Unlike café meals – which are usually quite basic – here you can enjoy France’s culinary delights spread across three courses.  You will normally be served bread as a couvert, followed by a starter, main, and dessert.  A cheese course is also usually offered.

With all this food you are usually guaranteed the table for the night, promising you a relaxed experience.  Lunch Set Menus are also often offered–definitely worth checking out If you want to experience some of France’s fantastic food on a budget.  Don’t hesitate over asking for tap water – it’s the thing done in France and quite rare to pay for bottled water.

French Restaurants

Via Pixabay

It is not common to tip after a meal; the service charge is usually included in your bill, and staff do not expect to receive anything extra. The 10% rule most certainly does not apply.  If you really do enjoy the sublime service and want to show your gratitude, a few euros is more than enough to put a smile on your servers face!

Restaurant

Via Flickr

Useful Restaurant Vocabulary/Phrases:

La carte des vinsThe Wine List
À La carteIndividual dishes that are usually more expensive than the Set Menu
prix fixeSet Menu
Un apéritifPre-dinner drink/cocktail
Une coupe de ChampagneA glass of champagne
Des glaçonsIce
L’entréeThe Starter
Le plat principalThe Main Course
Le dessertThe Dessert
Le fromageThe Cheese Course
Le digestifThe Digestive Drink/After-Dinner Drink
le plat du jour(Dish) Of the Day
un morceauA piece
une trancheA slice (of bread, meat, cake)
une rondelleA slice (fruit, veggie)
un verre de vinA glass of wine
une carafe d'eauJug of water
saignant/à point/bien cuitRare/medium-rare/well done

French Take-Out Food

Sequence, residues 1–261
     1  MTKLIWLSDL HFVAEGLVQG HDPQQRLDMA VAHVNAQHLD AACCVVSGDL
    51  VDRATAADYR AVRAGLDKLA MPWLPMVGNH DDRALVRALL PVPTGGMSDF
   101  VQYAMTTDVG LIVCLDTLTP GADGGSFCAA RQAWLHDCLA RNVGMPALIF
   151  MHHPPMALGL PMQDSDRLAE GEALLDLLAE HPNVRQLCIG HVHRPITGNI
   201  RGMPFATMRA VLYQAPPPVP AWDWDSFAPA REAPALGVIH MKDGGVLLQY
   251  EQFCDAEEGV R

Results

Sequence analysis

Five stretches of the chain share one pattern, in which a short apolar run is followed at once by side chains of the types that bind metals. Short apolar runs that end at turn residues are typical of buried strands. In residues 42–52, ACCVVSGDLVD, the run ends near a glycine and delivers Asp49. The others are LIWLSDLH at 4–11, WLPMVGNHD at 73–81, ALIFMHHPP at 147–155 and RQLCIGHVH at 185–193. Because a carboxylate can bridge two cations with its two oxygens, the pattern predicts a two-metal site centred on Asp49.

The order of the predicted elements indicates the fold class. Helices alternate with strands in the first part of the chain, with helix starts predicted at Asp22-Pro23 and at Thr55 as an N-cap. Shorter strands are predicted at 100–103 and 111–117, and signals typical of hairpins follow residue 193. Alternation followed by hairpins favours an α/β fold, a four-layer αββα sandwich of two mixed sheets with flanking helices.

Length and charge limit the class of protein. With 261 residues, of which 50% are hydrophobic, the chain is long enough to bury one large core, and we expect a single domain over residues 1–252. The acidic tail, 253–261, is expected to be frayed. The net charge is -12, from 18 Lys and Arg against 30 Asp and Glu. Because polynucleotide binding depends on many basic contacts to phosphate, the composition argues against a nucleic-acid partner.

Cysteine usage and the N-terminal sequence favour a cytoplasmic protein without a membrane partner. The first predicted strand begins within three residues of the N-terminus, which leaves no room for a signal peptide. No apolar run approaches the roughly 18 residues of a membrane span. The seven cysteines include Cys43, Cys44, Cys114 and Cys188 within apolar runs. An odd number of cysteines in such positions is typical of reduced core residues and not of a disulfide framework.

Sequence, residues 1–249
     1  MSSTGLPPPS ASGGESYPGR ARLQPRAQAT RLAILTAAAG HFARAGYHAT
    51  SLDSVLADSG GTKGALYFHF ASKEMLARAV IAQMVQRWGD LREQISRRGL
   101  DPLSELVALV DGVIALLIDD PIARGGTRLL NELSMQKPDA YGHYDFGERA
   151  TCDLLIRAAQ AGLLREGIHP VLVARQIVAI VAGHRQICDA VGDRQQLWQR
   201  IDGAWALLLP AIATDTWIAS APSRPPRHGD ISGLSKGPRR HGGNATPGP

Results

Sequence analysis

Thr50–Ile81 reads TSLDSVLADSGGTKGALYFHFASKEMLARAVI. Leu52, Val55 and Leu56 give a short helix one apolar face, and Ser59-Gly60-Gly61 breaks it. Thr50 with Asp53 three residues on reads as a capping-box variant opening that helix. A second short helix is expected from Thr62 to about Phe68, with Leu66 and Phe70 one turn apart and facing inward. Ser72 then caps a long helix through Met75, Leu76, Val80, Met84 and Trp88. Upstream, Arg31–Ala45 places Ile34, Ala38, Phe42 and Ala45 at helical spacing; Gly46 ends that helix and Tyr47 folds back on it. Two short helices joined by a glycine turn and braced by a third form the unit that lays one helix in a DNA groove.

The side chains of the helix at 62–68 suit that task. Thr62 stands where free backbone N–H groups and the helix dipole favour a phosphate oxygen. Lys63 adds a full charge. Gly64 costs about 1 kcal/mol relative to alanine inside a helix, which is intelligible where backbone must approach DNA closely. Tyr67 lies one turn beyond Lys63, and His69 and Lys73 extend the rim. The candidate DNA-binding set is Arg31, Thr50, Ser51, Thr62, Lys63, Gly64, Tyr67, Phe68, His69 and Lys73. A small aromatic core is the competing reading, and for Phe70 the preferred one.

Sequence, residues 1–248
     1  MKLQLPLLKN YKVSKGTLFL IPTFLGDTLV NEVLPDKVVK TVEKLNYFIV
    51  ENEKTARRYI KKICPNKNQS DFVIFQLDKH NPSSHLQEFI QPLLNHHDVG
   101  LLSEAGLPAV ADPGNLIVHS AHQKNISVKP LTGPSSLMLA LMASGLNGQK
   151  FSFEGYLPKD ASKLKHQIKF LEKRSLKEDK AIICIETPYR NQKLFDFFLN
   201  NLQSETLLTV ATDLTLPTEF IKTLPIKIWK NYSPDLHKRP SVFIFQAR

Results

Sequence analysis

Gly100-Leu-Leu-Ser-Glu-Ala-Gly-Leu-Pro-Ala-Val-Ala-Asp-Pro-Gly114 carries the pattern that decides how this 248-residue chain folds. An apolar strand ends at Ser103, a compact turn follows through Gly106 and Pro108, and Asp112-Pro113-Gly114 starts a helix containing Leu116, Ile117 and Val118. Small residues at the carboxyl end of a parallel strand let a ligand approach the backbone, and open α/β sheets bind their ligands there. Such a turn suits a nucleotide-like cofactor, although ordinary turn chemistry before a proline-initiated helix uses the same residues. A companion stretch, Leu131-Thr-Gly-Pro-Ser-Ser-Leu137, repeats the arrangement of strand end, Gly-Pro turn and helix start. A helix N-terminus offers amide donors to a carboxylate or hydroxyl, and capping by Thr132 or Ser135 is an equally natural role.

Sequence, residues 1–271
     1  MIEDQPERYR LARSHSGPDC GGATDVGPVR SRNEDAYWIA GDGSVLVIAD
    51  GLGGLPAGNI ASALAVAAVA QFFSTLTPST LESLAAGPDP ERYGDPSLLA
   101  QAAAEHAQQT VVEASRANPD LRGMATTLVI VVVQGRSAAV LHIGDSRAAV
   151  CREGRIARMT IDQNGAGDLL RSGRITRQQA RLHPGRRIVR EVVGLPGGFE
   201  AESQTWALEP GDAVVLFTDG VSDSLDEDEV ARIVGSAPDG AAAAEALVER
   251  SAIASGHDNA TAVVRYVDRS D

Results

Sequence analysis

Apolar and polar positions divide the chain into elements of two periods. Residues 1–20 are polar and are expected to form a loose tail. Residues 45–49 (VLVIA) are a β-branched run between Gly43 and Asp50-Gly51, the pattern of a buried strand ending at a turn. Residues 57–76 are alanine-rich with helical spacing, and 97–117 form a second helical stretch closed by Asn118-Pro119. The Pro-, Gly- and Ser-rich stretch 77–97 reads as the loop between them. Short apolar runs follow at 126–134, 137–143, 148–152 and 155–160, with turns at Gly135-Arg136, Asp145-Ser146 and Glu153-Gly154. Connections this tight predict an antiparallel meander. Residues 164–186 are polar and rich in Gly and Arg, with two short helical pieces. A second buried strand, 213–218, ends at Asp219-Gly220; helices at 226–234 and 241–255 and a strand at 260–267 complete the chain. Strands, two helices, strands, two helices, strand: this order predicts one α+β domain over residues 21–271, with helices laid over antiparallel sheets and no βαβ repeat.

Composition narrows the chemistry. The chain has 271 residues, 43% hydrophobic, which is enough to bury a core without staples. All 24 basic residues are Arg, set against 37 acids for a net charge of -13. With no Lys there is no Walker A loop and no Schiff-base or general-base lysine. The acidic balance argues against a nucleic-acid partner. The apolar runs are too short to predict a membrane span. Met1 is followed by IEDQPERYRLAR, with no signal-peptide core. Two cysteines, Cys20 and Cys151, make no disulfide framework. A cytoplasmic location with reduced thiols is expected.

Take-outs are becoming increasingly popular in France.  Don’t be put off by the quick conversations and unfamiliar terminology—many words are actually the same in English, and if you’re really stuck, there’s always pointing!  

Food is usually cheaper if you opt to take-out, and during the working week you can snap up some great deals.  Everywhere from Boulangeries to Mexican Street Food outlets have jumped on board, so whatever you fancy, there’s no need to stop exploring when you can grab it ’n’ go.

Useful Take-out Vocabulary/Phrases:

À emporterTo take-away
sur placeEat in
piquant / épicéSpicy
EmballéWrapped up
Les couvertsCutlery
Un sacA bag
dix minutes d’attente(ten) minutes wait

french-fries-chips

Via Pexels

Remember, folks: practice makes perfect. Now, is there ever a better excuse to go crazy on French food than that!?

Do you have more tips to add to this? Make sure to leave a comment below.

Grab your copy of Paris for Foodies, your ultimate guide to eating in Paris! Discover the best places to eat per arrondissement and get lots of useful tips. Check it out by clicking the image below.

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About the Author Frederic

Frederic Bibard is the founder of Talk in French, a company that helps french learners to practice and improve their french. Macaron addict. Jacques Audiard fan. You can contact him on Twitter and Google +